As we were docking on the wall, leaves and seeds started falling on the boat. I looked up and saw that our spreader was in the branches of a tree. We were glad there weren’t any big branches in our way because we definitely pruned a few twigs from that one.

So far we haven’t explored too much of Sneek, but we did find the grocery store and the maritime museum, and we stopped at a pet store to get more jerky treats and greenies for Märzen. This town looks much newer than any of the other towns we’ve visited, but it was chartered in 1456, so it’s old enough. We just haven’t been into the really old part yet, and perhaps this town hasn’t preserved as much of its architectural heritage as Amsterdam, Amersfoort, Hoorn and Enkhuizen. We shall see.

By the way, we have found Wi-Fi here, so I’ve posted John’s photo page of Stavoren.

Tuesday, April 21, 2009

New Photo Pages of North Holland

New photo pages are available. They are identified as Muiden, Volendam, Hoorn, Enkhuizen, Zuiderzeemuseum, and Keukenhof on our photo page.

New videos

John was successful in posting new videos while we were in Enkhuizen. Here they are.

Monday, April 20, 2009


We finally left Enkhuizen around noon on Sunday and had a nice, short sail to Stavoren. It’s only 23 km away. The IJsselmeer was covered with sailboats when we started, everyone heading home on a Sunday afternoon, we suppose.

Today was fun. We rented a bike from the marina to go with the one we already have and set off into the countryside. I wanted to ride along the top of the dike, but the road was at the bottom of it and sheep pasture was on the top. Those lambs have a nice view. We found Rode Klif (red cliff), site of a famous battle between the Frisian and the Dutch. The Frisians won that round, and Willem the number-something-or-other was killed in battle at Stavoren. We also found a little cemetery where three Australians and a couple of Brits who died in WWII were buried.

Then we headed into town for groceries and a Frisian courtesy flag. We fly a Dutch courtesy flag, but below that we’ve been flying the flag of the city or province we’re in. So far, we’ve flown Amsterdam and Enkhuizen, but the Frisian flag goes up tomorrow.

We paid for two nights when we checked into the marina yesterday, but we may stay an extra day. The rates are only a little higher than we paid in Enkhuizen, but here electricity, water and shore showers are included, and that makes up for the price difference. Sjoerd will meet us somewhere in Friesland on Saturday, so we have time.

Saturday, April 18, 2009

Departure delayed

We walked up to the chandlery around noon today to pick up a chart of the Frisian canals. The plan was to leave when we got back to the boat. It’s a beautiful day, and there’s a nice breeze of 10-15 knots. But wait a minute! That nice breeze is coming from exactly the direction we want to go—northeast. That means we would have to motor.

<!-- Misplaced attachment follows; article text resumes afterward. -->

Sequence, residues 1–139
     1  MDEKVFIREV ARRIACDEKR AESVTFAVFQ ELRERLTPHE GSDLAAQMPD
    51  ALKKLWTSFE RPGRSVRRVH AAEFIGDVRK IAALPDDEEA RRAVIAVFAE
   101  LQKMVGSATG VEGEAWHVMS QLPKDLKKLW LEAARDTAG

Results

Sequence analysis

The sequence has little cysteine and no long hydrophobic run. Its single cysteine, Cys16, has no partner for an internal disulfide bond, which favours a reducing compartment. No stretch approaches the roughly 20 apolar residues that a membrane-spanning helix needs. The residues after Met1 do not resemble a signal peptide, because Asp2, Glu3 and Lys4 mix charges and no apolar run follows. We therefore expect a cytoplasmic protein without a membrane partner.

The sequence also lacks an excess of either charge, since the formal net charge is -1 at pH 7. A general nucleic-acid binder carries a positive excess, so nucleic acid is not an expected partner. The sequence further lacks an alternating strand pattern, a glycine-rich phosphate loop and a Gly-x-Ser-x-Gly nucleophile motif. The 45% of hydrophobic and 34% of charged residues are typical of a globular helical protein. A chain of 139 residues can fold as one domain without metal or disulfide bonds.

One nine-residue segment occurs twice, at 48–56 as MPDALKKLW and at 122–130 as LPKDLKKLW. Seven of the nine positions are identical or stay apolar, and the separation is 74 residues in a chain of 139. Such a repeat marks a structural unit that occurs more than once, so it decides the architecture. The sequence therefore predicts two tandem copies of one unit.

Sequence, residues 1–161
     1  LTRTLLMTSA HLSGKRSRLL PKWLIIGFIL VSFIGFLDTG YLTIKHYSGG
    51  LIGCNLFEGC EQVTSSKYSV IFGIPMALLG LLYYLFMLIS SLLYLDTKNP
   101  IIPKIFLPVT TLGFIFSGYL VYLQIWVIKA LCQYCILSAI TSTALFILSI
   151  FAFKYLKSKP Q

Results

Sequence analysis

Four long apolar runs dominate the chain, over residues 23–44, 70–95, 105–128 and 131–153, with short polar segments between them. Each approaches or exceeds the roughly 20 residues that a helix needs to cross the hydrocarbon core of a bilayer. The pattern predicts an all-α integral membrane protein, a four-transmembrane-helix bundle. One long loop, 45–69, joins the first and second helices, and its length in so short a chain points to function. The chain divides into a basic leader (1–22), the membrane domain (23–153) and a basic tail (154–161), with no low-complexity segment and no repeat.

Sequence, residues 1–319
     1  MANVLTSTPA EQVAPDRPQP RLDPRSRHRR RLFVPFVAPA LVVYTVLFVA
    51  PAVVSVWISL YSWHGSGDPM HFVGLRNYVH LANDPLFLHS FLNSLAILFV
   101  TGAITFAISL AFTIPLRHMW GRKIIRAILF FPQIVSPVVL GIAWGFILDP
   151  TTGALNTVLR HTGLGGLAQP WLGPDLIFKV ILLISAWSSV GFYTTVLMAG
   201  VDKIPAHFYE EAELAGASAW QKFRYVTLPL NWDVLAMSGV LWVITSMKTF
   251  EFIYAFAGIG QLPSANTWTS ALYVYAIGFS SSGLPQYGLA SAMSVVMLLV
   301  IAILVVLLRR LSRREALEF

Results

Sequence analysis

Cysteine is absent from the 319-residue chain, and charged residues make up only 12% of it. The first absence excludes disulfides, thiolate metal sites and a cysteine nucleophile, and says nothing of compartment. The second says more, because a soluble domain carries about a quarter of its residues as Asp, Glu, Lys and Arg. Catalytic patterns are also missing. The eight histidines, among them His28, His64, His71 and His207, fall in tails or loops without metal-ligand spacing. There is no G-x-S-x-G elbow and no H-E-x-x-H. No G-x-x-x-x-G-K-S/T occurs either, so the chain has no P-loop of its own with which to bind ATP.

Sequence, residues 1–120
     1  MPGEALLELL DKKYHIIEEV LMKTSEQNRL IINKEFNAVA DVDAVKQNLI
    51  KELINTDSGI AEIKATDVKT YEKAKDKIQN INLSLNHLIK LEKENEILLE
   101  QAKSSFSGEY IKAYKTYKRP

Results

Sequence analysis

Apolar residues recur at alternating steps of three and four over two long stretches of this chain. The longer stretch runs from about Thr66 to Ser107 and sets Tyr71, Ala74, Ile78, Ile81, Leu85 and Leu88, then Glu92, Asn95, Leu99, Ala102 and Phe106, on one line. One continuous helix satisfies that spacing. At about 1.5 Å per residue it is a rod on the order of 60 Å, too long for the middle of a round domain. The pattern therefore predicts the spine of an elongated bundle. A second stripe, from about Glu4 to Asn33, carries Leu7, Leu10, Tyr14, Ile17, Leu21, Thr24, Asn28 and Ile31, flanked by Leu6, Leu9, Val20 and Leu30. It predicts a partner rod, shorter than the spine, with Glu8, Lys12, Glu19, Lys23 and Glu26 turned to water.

Tomorrow’s forecast shows even warmer weather and wind from the east. If we move our destination a little farther north—to Stavoren instead of Lemmer—we should have a nice sail tomorrow. I’ll check the charts to be sure we can get into the Frisian canals (deep enough ones) from Stavoren, but that’s the new plan: Enkhuizen to Stavoren tomorrow.

Meanwhile, John has taken the bike into town with his laptop to upload a couple more videos. If you’re interested, you can sign up for a free YouTube account and then subscribe to jforbe’s channel. If you don’t want to bother with all that, you can wait for me to embed the latest here or on Facebook.

Here's a shot of Enkhuizen from Google Earth. I've added a little red X where we're tied up.

Friday, April 17, 2009

Getting ready to move on

Tomorrow we plan to leave Enkhuizen and cross the IJsselmeer to Friesland. We’ve had a nice time here, but the weather looks good, and it’s time to go again.

Wednesday and Thursday we visited the Zuider Zee Museum (in Dutch that’s actually all one word). It was one of the highlights when we were here with Jeffrey and Karan five years ago, but we didn’t have time then to see it all. It has an indoor museum (which we quickly saw before) and an outside live historical museum.

We started with the indoor museum, and I must admit that it was disappointing in comparison with our memories. Five years ago it had rooms full of historical costumes, furniture, paintings, maps, and boats, all with lots of description. Now some of the historical costumes and all of the boats remain, but there is little about them. Instead, they are shown as contrast and inspiration for modern clothing and jewelry design. It’s interesting for a room or two, but not what we were after.